I’ve had experience of engaging with well-balanced men
These men are able to observe their reactions, triggers, and behaviours without feeling the need to become defensive or aggressive. Pondering on that, I wondered what traits they had in common. I discovered that there were 3 main traits.
- They felt secure in who they are
- They were able to own their wrongdoings
- They were willing to have difficult dialogues without going into attack mode
I’ve also had experience of engaging with men who feel easily threatened
These men tend to:
At the root of their discomfort is the belief that their self worth is based on how they’re perceived by others. If they feel perceived as less than another, this impacts them on a deep level. They don’t feel secure in their being. They want approval from another even if they’ve behave badly towards them.
These stressed responses are not unique to men, of course. This is how an ego that feels threatened reacts generally. But when you take into consideration the role men have been trained to play in society, it makes sense. It is no surprise then that this is still a common response for a particular type of man.
A strong man doesn’t ask for help
This is a deeply-engrained cultural expectation. Yes, we’ve broken out of all men automatically being expected to express in this way, but the perception still persists. How many comedian’s jokes are based on men refusing to seek help when they need it? I can think of numerous scenarios. Outside of the comedic sphere, the truth of this belief still commonly reveals itself:
Bottle it up, grit your teeth and push on through.
Deny it. Ignore it. Push on through.
Lonely and isolated?
Withdraw, shut down and imbibe alcohol or some other drug to get through it.
The noisy mind kicks in and goes into action with repetitive thoughts that encourage suppression of true feelings:
You can’t open up and make yourself vulnerable and ask for help! What would people think of you? They might judge you, think less of you, reject you, attack you! You can’t risk that! Stay strong!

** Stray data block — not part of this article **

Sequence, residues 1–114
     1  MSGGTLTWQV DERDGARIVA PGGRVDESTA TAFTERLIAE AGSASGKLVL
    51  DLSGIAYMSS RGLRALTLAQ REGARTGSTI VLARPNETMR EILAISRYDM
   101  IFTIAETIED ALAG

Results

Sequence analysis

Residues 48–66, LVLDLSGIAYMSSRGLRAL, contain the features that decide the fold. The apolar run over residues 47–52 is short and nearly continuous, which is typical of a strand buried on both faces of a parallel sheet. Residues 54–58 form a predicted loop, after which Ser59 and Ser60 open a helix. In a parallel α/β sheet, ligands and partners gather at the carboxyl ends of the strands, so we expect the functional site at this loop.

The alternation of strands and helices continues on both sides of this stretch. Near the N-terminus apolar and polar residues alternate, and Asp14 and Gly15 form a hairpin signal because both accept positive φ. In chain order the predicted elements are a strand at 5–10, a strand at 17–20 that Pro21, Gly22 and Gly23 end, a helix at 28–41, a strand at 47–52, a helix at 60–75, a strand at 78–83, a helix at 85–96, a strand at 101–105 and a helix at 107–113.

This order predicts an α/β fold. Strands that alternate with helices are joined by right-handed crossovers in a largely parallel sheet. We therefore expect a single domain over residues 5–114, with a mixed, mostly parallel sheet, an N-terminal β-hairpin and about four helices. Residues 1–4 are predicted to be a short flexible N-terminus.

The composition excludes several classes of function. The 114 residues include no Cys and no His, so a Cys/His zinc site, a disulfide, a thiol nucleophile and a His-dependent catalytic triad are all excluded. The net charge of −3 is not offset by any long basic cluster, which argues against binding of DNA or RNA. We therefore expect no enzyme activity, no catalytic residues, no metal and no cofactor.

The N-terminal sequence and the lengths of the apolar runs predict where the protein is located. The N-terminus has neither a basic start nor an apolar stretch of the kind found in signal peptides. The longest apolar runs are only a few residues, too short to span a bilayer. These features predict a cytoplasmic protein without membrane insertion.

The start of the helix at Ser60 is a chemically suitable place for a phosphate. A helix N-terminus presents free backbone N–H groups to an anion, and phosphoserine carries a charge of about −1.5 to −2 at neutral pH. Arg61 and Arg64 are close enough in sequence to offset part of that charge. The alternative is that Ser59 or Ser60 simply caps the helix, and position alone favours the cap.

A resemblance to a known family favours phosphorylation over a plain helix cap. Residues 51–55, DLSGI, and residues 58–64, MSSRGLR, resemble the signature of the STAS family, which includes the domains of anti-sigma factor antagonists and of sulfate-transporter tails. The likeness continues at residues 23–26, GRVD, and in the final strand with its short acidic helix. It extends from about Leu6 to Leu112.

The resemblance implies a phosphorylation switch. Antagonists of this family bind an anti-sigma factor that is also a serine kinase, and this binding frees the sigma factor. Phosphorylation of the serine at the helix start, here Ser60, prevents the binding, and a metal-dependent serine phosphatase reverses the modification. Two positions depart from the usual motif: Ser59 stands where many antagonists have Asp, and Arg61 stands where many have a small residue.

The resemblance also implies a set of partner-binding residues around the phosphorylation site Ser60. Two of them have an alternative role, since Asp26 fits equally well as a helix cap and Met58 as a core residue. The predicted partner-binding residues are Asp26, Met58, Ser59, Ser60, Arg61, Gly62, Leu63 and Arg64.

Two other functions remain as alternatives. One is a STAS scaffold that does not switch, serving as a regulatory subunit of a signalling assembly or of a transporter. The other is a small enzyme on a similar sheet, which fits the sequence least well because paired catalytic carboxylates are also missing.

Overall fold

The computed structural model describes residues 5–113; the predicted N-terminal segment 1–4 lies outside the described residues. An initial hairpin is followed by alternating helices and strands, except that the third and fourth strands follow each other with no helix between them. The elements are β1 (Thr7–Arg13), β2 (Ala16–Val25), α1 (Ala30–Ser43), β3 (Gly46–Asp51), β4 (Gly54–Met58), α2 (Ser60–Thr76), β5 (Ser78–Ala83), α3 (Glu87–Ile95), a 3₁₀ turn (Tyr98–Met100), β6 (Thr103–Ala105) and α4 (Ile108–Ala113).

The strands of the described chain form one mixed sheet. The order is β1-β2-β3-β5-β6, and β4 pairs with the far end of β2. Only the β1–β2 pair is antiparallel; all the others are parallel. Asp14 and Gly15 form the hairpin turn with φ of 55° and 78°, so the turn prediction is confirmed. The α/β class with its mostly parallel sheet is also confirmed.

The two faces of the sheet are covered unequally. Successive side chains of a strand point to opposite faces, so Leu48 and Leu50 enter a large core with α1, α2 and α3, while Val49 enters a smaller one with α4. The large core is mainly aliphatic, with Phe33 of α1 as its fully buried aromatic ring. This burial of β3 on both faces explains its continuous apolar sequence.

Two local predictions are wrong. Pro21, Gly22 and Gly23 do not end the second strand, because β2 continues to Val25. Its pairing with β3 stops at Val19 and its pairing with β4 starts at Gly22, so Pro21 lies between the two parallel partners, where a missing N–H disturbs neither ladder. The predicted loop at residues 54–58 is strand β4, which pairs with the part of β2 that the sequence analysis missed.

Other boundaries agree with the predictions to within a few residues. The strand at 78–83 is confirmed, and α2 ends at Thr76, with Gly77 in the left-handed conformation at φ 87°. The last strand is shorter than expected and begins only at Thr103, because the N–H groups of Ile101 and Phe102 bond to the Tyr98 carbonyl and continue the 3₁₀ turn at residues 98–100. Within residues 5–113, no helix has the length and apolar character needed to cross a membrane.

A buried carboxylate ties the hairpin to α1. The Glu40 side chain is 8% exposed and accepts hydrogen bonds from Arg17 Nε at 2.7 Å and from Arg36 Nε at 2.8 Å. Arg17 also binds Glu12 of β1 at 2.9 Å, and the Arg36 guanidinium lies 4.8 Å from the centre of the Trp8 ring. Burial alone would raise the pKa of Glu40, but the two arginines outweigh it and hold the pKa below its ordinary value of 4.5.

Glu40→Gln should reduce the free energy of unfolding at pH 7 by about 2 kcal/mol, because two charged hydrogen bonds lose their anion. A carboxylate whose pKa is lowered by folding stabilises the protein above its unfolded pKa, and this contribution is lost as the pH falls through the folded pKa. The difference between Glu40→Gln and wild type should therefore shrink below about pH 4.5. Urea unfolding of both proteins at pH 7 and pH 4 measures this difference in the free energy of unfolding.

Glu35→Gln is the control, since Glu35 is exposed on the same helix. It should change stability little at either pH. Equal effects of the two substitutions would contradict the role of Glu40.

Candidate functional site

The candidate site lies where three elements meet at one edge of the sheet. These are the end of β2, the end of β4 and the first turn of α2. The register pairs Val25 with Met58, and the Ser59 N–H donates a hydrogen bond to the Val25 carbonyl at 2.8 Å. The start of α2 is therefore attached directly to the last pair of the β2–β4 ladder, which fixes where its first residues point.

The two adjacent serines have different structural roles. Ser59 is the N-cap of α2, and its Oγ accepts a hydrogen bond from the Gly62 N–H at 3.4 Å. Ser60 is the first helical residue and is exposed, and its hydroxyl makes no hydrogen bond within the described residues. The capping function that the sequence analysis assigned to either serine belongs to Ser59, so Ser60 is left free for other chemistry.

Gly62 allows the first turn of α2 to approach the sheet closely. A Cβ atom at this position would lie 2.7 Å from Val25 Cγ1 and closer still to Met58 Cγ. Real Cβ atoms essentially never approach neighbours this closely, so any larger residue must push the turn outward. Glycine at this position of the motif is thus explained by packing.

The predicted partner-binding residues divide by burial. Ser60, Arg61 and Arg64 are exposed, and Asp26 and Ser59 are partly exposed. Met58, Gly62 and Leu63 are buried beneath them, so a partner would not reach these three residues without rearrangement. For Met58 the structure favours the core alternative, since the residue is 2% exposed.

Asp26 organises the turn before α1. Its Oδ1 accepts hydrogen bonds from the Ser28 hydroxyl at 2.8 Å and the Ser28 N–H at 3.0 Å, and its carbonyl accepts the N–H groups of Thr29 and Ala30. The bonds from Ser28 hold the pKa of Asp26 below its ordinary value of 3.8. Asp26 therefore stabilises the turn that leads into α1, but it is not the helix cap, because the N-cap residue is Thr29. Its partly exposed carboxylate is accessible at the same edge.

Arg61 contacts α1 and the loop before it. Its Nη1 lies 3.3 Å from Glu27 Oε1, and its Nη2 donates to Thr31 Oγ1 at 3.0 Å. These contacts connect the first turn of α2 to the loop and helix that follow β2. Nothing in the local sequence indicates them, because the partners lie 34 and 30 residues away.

These type of thoughts plague any insecure or stressed person. But men who cannot own their fears and insecurities are more prone to them than most.
Never admit that you have a problem
This is another ingrained response that comes naturally to the defensive male. To admit that you have a problem that you don’t know how to fix, is a seen as a sign of weakness. It’s much better to bottle up those feelings of vulnerability. Yet those feelings need an outlet. They must express somehow. How they express when repressed, is usually through defensiveness, anger, depression or rage.
Put that outer mask more firmly in place
This is a classic response for the defensive man. When your world appears to be imploding, rather than face up to that implosion, act instead as if everything’s okay. When challenged on it, deny everything and go into defensive or passive-aggressive mode.
The reality is it’s just too difficult for this type of man to just feel his feelings. They feel too painful. They feel too raw. They feel too exposing. They’re very uncomfortable to hold in his body.
Why are these feelings so uncomfortable to hold? Because they remind these men of the first time they felt that way. Some key incident in their childhood where they were humiliated or made to feel unsafe, rises up in their minds. So rather than address that key incident, they find it much easier to just keep pushing those feelings down.
Breaking free from automatic responses
The bottom line is that when we over-identify with any trauma as if it’s still happening, we go into defence mode. For the man who’s afraid to process that trauma, it’s much easier to keep repressing the memory it’s pointing to.
Yet the way through is to directly address that initial trauma. There has to be a willingness to feel the original pain fully – as intense as that may be. It is not required to do it alone, nor is it recommended. But feeling that pain, holding it in the body, letting the uncomfortable feelings rise and peak, is the way through.
Actively seeking support to stay in that pain while it rises is the solution. Admitting that you need help is the solution. Deliberately letting your mask slip and being willing to accept the depth of your hurt begins the healing process. Owning how vulnerable you really feel without chastising yourself for it, develops inner strength.
The defensive male can in this way release his over-identification with his suffering. For that is what he is doing in effect. He is seeing himself as his suffering. Not willing to see the initial trauma as an experience from his past, he pushes it away. The irony being that in that pushing away, he pulls the trauma closer to himself.
When we wish to ease our suffering, we must first own it and accept it, in order to release it. This is my wish, my prayer, for every defensive man. Let go of your identification with your suffering so we can connect with the amazing being that you truly are.
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